UNAIDS has welcomed Germany’s pledge of €1.3 billion (Shs4.9 trillion) for the seventh replenishment of the Global Fund to Fight AIDS, Tuberculosis, and Malaria, an increase of 30% on the country’s contribution of €1 billion (Shs 3.8trillio) made in 2019.
The announcement is a significant step toward reaching the goal of raising at least $18 (Shs 69.1trillion) when President Biden hosts the 7th Global Fund Replenishment Conference in New York later this month.
“This announcement demonstrates Germany’s continued leadership in global health, its commitment to multilateralism, and its determination to save millions of lives by ending AIDS, tuberculosis, and malaria by 2030,” said UNAIDS Executive Director, Winnie Byanyima.
“This is an investment in young people’s health and wellbeing, particularly of young women and girls and it will strengthen global security by instilling resilience into systems needed to protect all of us from emerging health threats. I look forward to other donors matching Germany’s increase in funding.”
The United States is the Global Fund’s largest donor and has pledged $6 billion (Shs 23trillion) for the organization’s 7th replenishment contingent on the $18 billion (Shs 69.1trillion) target being fully met. Last week, Japan announced that it was increasing its contribution to the Global Fund by 30% to more than $1 billion (Shs 3.8trillio).
The Global Fund Replenishment Conference takes place from 19 to21 September at a time when funding for the HIV response remains under intense pressure. In 2021, international resources available for HIV were 6% lower than in 2010. Overseas development assistance for HIV from bilateral donors other than the United States has fallen by 57% over the last decade. The HIV response in low- and middle-income countries is US$8 billion short of the US$29 billion needed by 2025 to get the world on track to end the AIDS pandemic as a global health threat by 2030.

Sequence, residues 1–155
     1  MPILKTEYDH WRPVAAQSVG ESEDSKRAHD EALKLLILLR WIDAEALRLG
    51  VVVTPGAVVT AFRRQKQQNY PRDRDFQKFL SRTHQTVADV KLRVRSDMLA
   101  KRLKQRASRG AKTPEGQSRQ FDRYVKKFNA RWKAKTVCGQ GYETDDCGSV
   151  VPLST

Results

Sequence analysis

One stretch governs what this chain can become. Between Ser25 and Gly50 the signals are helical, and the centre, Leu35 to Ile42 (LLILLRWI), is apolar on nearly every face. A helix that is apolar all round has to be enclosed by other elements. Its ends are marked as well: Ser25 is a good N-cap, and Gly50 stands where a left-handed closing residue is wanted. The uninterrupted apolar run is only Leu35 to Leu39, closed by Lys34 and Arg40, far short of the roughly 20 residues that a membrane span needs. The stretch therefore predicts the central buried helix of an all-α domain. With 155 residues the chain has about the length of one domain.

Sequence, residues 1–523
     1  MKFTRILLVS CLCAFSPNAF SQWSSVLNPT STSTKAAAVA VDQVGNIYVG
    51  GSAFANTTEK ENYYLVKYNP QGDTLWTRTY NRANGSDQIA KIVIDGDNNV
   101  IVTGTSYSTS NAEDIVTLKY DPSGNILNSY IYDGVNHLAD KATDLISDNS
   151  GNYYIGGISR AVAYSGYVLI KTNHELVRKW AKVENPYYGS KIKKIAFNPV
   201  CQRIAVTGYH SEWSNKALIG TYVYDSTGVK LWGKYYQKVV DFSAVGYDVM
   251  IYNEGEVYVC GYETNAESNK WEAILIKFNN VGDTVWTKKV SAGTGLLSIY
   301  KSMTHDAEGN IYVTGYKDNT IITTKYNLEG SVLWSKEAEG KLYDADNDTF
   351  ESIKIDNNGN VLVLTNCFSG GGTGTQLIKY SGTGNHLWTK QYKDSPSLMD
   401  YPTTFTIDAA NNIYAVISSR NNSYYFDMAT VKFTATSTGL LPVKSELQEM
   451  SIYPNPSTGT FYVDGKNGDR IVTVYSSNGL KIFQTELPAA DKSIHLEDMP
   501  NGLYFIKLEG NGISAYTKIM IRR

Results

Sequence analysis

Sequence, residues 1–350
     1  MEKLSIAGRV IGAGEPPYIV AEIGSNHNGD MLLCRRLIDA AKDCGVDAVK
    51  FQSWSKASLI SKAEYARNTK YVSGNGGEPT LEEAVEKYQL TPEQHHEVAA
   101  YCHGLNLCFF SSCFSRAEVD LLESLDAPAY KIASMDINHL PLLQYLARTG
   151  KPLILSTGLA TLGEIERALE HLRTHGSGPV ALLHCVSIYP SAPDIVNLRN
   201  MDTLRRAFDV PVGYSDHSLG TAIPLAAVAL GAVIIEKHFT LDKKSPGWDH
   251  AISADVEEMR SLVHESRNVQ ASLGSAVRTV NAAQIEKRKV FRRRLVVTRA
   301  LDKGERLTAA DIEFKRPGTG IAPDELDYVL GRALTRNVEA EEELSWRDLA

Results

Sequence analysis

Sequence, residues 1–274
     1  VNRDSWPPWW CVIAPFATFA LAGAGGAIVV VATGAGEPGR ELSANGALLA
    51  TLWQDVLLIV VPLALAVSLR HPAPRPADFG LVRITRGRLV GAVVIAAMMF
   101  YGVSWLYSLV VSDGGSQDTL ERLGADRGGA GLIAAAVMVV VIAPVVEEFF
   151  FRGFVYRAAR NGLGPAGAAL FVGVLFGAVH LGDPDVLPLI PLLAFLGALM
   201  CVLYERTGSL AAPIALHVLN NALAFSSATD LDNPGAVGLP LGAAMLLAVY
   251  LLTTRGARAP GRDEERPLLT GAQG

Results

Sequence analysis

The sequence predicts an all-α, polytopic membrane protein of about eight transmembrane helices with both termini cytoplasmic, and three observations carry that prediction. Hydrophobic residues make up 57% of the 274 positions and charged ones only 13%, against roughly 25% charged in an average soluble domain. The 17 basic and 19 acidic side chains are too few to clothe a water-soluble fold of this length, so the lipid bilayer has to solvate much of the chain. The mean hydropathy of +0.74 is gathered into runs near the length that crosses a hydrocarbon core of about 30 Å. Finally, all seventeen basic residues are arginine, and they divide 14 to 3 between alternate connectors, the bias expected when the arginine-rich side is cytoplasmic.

To maximize the effectiveness of their investments to the Global Fund, donors are also being urged to fully fund the Joint United Nations Programme on HIV/AIDS. UNAIDS is present in 70 countries worldwide working in partnership with governments, civil society, and communities, collecting the data that shapes the HIV response, advocating for the reversal of harmful laws and policies to create an enabling legal environment, working for an end to HIV-related stigma and discrimination, and challenging the inequalities driving the HIV pandemic among vulnerable and marginalized groups of people.
UNAIDS’ latest report In Danger shows that recent crises have knocked the global AIDS response off track, with HIV infections on the rise in 38 countries. It shows also that the end of AIDS by 2030 is possible if leaders act boldly together.
The announcement of Germany’s increase was made in Berlin by the Federal Minister for Economic Cooperation and Development, Svenja Schulze, at the Get Back On Track international conference organized by civil society organizations, including Action Against AIDS Germany.